Located on a suburban street in Clapham, the home is intended as a "contemporary interpretation" of the surrounding large red-brick houses that have gable roofs, bay windows and covered porches.
Finished in a combination of brickwork and concrete, the four storeys of the home are staggered upwards and set atop a basement level and sunken concrete patio.
"The entrance elevation is sensitively designed so that the house sits discreetly among its heritage neighbours, playfully responding to the established rhythm of the street," explained Bureau de Change.
"The rear facade is bolder in its design, presented as a cascading sequence of tiered cubic volumes which project out into the garden and a sunken patio," the studio continued.
At Cast House's entrance, the ground-level facade, porch and bay windows are formed from concrete cast with an interlocking brick pattern in the corners that mirror the brickwork above.
The smooth, pale finish of the concrete was achieved by using a high amount of ground granulated blast-furnace slag, which the studio said also acts as a cement substitute and reduces the amount of embodied carbon dioxide.
Inside, Cast House is organised around a central suspended staircase with bright blue balustrades, creating a focal point that links each level of the home.
In the basement, a lounge and games room open onto a wide concrete staircase via sliding glass doors, which leads up to a patio and lawn above.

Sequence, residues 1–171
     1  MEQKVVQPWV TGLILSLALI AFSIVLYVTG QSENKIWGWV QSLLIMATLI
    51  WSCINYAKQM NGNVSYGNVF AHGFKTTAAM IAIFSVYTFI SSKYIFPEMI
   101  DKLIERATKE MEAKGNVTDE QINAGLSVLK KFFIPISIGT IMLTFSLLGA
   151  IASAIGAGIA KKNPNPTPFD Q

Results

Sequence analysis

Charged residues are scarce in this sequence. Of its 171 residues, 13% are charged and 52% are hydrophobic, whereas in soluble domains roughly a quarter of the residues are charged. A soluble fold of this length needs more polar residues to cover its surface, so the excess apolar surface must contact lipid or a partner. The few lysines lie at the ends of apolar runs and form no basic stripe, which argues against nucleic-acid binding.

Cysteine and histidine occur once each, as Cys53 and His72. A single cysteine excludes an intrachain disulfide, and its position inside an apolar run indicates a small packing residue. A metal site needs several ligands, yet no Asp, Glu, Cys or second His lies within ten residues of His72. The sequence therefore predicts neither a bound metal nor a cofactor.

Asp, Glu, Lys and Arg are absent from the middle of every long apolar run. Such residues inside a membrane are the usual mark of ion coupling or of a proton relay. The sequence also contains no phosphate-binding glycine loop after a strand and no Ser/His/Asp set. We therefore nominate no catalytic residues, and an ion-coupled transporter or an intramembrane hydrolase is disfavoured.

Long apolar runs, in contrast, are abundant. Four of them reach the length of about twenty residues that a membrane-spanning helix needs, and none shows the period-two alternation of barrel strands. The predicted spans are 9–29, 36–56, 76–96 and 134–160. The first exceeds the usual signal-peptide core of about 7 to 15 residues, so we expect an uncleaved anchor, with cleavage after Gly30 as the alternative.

The ground floor living, dining and kitchen space projects out into the garden inside a rectilinear concrete form. It is the first of three similar volumes that step up the building's rear facade, gradually reducing in size.
"The inset brick detail gives the impression that the concrete volumes have been pushed into an existing facade, creating a distinction between active and passive volumes, which emphasises the volumetric gesture," said Bureau de Change.
Above, five bedrooms and three bathrooms are organised across the upper two storeys, with the rooms at the back of the home benefitting from full-height windows in the projecting concrete forms.
Bureau de Change is a London architecture studio founded by Katerina Dionysopoulou and Billy Mavropoulos in 2012.
Its other recent projects include the remodelling of a Victorian terrace in south London and the interior design of a mixed-use development in an art deco building in Fitzrovia.
The photography is by Gilbert McCarragher.